Introduction
 
Matters and Properties of Matters
 
Atomic Structure with Examples
 
Periodic Table
 
The Mole Concept with Examples
 
Gases with Examples
 
Chemical Reactions with Examples
 
Nuclear Chemistry (Radioactivity)
 
Solutions
 
Acids and Bases
 
Thermochemistry
 
Rates of Reactions (Chemical Kinetics)
 
Chemical Equilibrium
 
--Factors Affecting Chemical Equilibrium
 
--Chemical Equilibrium Cheat Sheet
 
Chemical Bonds
 
Exams and Problem Solutions
 
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Chemical Equilibrium Cheat Sheet


Chemical Equilibrium Cheat Sheet

Chemical Equilibrium

Until now, we have learned that reactions take place in one direction. But now we deal with reversible reactions. Reaction, given below, is in closed container;

A(g) + B(g) → C(g) + D(g)

At the beginning, A reacts with B and  produce C and D gas. This is forward reaction and rate of this reaction is written as;

Reaction Rate= kf.[A].[B]

Since concentrations of A and B decrease with time, forward reaction rate also decreases. Moreover, produced C and D molecules collide to each other and form A and B molecules. This is called reverse reaction and rate of it is written as;

Reaction Rate= kr.[C].[D]

Equilibrium constant of following reaction is written as;

aA + bB ↔ cC + dD

Homogeneous and Heterogeneous Equilibrium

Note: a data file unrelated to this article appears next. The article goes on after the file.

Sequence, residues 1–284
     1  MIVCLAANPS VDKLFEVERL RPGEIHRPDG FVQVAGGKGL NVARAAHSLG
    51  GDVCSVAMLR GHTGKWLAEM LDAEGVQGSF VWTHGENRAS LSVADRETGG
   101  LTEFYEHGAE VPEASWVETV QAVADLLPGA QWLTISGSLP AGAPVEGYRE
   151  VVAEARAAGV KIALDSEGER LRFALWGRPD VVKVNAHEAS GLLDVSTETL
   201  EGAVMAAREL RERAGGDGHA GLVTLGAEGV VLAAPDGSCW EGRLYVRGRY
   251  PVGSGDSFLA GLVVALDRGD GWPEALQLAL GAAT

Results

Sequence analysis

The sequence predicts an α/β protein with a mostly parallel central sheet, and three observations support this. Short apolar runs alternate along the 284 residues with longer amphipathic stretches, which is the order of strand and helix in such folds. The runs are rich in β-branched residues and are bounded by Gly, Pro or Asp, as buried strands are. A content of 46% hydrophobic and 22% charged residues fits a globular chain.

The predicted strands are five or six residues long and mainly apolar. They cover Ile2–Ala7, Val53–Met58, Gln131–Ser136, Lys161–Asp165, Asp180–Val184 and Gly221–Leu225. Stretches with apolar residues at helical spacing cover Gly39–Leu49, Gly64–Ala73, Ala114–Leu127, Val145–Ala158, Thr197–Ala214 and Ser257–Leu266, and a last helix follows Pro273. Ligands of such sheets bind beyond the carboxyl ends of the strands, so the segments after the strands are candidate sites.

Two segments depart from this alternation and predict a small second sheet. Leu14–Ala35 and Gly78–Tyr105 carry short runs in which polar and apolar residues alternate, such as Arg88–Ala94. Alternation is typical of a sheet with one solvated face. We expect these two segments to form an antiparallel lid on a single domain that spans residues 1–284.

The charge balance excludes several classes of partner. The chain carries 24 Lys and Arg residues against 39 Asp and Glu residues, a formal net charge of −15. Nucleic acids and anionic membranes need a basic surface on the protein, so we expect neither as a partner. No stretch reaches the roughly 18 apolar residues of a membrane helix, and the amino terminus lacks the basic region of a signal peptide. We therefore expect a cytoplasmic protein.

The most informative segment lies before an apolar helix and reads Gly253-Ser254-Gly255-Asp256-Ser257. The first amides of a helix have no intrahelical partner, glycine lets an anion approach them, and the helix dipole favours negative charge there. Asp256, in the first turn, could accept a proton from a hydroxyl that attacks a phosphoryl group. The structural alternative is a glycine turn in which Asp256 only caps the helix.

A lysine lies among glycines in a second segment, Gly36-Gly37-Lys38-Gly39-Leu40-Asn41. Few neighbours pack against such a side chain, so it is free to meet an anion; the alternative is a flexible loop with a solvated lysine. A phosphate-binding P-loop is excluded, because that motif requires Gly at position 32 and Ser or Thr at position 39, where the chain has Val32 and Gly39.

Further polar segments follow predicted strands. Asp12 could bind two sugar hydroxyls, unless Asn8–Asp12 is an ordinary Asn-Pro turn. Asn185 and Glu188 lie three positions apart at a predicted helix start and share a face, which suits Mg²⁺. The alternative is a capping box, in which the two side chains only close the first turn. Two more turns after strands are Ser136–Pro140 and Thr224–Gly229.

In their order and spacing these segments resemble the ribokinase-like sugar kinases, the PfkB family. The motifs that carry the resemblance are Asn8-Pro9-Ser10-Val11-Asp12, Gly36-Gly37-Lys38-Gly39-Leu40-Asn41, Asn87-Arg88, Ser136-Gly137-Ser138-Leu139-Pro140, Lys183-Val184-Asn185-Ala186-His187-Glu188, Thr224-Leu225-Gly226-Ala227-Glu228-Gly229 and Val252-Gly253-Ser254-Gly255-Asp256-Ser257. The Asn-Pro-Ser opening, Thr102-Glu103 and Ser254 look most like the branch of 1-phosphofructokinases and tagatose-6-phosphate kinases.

If matters in equilibrium reaction are all in one phase then it is homogeneous equilibrium, if at least one of the matter has different phase then it is heterogeneous equilibrium. When we write equilibrium equation of heterogeneous equilibrium,we do not write pure solid and pure liquid matters in equilibrium equation.

CaCO3(s) ↔ CaO(s) + CO2(g)

This reaction is heterogeneous equilibrium reaction and we do not write CaCO3(s) and CaO(s) in equilibrium equation.

Equilibrium Constant in terms of Partial Pressure

Concentrations of gases are directly proportional to partial pressure of them. Thus, we can write equilibrium constant in terms of partial pressures.

N2(g) + 3H2(g) ↔ 2NH3(g)

Equilibrium constant of this reaction in terms of concentrations is;

Equilibrium constant of this reaction in terms of partial pressure is;

Factors Affecting Chemical Equilibrium

1. Affect of Concentration on Equilibrium:

Adding or removing matters into reaction effect equilibrium. For example, adding reactants or removing products increase the yield of product. On the contrary, adding products or removing reactants increase yield of reactants. I other words, in first situation equilibrium shifts to the right and in second situation equilibrium shifts to the left.

2. Affect of Temperature on Equilibrium:

  • In an endothermic reaction; increasing temperature shift equilibrium to the right and equilibrium constant increases.
  • In an endothermic reaction; increasing temperature shift equilibrium to the left and equilibrium constant decreases.

3. Affect of Pressure on Equilibrium:

  • If one of the matters in container  under constant temperature and pressure is removed or added, pressure of the system changes. However, change in the concentration is taken into consideration not pressure.
  • Temperature can be changed under constant volume. In this situation even if pressure changes, we consider changes in the temperature while finding equilibrium constant.
  • In gas reactions, if there is no change in number of moles, then pressure do not effect equilibrium.

Chemical Equilibrium Exams and Problem Solutions


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